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Despite Trump’s claims, very few countries see 7 percent GDP growth

  • President Donald Trump on Wednesday said world leaders complain when their economies grow at less than 7 percent a year.
  • In 2016, only seven countries hit that mark.
  • Trump also repeated his belief that U.S. GDP is about to accelerate, a prospect that few economists expect to see happen.

On the stump for an overhaul of the nation's tax system, President Donald Trump on Wednesday said that cutting taxes would "bring back Main Street" and spur the U.S. economy to a level of growth not seen since the Great Recession.

"In the last 10 years, our economy has grown at only around 2 percent a year," Trump told the welcoming crowd in Springfield, Missouri. "You look at other countries and you look at what their (gross domestic product) is, they're unhappy when it's 7, 8, 9 [percent]. "

"And I speak to them, leaders of the countries, how are you doing?" Trump said. "'Not well, not well.' Why? 'GDP is down to 7 percent.' And I'm saying, 'We're hitting 1 percent.'"

For the record, the list of countries that could possibly express any emotion about their annual growth rates of 7 percent or more is extremely short. Of the nearly 200 countries whose economies are tracked by the International Monetary Fund, just seven saw real, inflation-adjusted gross domestic product rise by 7 percent or more last year.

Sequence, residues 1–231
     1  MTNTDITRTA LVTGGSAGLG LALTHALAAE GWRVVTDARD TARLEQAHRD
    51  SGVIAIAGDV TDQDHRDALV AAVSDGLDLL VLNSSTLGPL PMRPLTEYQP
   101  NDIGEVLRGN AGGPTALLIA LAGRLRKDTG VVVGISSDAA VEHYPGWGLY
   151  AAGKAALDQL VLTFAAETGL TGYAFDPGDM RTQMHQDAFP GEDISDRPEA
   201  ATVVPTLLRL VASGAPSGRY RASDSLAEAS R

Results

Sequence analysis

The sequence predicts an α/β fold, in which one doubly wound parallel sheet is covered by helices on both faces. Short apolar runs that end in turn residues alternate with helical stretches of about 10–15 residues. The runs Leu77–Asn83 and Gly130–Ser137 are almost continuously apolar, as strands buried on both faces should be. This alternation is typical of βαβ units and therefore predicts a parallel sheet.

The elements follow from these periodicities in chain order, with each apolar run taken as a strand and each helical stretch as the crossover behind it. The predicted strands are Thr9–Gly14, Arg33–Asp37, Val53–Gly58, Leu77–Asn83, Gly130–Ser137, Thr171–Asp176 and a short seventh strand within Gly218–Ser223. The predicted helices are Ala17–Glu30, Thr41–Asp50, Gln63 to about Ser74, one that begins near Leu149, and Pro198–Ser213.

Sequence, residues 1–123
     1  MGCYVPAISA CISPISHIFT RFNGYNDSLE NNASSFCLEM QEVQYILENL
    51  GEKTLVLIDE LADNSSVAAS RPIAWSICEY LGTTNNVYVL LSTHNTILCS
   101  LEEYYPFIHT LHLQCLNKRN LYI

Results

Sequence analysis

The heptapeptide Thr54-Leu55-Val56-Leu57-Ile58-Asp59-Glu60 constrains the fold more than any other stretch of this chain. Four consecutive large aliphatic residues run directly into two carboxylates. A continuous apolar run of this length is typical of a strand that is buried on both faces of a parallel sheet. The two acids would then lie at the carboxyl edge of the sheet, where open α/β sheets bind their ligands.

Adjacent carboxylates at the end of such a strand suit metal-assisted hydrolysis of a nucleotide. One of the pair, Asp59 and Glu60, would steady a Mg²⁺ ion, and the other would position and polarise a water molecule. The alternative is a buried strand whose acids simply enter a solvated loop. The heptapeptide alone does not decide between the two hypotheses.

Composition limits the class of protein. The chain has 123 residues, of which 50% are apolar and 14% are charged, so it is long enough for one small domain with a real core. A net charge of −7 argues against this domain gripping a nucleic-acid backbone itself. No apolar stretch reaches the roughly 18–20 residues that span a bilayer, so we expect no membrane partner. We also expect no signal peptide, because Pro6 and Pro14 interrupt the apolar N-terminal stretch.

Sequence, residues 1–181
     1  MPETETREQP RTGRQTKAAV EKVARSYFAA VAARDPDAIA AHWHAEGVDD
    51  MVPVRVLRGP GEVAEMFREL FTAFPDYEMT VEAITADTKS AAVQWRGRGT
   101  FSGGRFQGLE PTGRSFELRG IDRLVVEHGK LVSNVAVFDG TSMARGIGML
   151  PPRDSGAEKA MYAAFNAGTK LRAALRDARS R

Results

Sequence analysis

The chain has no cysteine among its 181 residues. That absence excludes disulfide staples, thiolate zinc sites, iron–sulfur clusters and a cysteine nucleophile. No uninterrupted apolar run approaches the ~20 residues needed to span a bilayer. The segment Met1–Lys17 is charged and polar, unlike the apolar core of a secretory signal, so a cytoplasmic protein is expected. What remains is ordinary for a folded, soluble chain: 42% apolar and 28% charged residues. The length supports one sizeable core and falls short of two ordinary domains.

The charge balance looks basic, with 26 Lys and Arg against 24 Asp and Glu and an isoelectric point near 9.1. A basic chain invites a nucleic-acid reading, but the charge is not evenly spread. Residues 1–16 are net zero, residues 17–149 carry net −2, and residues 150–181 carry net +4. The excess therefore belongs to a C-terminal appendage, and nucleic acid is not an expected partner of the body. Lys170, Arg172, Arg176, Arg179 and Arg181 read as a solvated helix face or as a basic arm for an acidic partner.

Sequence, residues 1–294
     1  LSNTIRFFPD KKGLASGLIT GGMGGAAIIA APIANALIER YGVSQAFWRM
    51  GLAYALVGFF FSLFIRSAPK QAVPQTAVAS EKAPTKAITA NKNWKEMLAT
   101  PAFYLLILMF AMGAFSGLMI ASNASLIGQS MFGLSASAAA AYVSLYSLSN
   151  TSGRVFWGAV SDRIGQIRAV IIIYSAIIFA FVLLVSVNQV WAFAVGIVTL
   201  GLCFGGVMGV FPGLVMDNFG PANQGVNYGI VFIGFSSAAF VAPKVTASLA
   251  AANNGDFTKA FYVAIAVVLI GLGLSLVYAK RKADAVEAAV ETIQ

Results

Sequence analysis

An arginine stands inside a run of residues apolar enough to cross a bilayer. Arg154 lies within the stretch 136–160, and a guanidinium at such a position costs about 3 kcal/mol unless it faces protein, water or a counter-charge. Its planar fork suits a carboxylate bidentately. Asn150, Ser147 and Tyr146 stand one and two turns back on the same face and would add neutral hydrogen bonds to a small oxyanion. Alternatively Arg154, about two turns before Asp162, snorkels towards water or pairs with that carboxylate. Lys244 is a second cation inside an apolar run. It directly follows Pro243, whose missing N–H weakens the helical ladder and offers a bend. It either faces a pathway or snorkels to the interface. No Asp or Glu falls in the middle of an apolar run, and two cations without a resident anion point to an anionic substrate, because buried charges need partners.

The list includes Nauru, Iraq, Ethiopia, Uzbekistan, Cote D'Ivoire, Iceland and Cambodia, according to IMF data.

The Commerce Department reported Wednesday that U.S. gross domestic product grew at a 3.0 percent annual rate in the second quarter, the fastest pace since the first quarter of 2015 and up from a 1.2 percent pace in the January-March period. Economists had expected that second-quarter GDP growth would rise to a 2.7 percent rate.

"On a yearly basis, as you know, the last administration during an eight-year period never hit 3 percent, so we're really on our way," Trump said in his Wednesday speech. "And I happen to be one that thinks we can go much higher than 3 percent. There's no reason why we shouldn't."

Given the slow pace of first-quarter growth, the economy would have to accelerate substantially to end 2017 with an annual gain of 3 percent, an outcome most economists believe is highly unlikely.

Though overall tax cuts could help spur growth, the U.S. economy has slowed in the last decade, based in part on a slowdown in productivity and an aging workforce.

Trump's campaign promise to cut taxes already faces political headwinds.

The White House and Republican lawmakers have not finalized a plan and the effort comes amid a busy September for Congress. The agenda includes raising the federal debt ceiling and extending the federal flood insurance program that is under financial strain and expected to see heavy claims from Hurricane Harvey.

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